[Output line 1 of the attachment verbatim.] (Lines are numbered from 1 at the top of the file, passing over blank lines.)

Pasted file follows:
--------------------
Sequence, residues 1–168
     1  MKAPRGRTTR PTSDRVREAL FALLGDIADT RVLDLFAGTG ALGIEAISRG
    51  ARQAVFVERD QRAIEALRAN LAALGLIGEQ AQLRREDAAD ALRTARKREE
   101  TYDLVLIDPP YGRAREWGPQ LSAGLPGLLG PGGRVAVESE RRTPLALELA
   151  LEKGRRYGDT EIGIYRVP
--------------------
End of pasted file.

Sequence, residues 1–168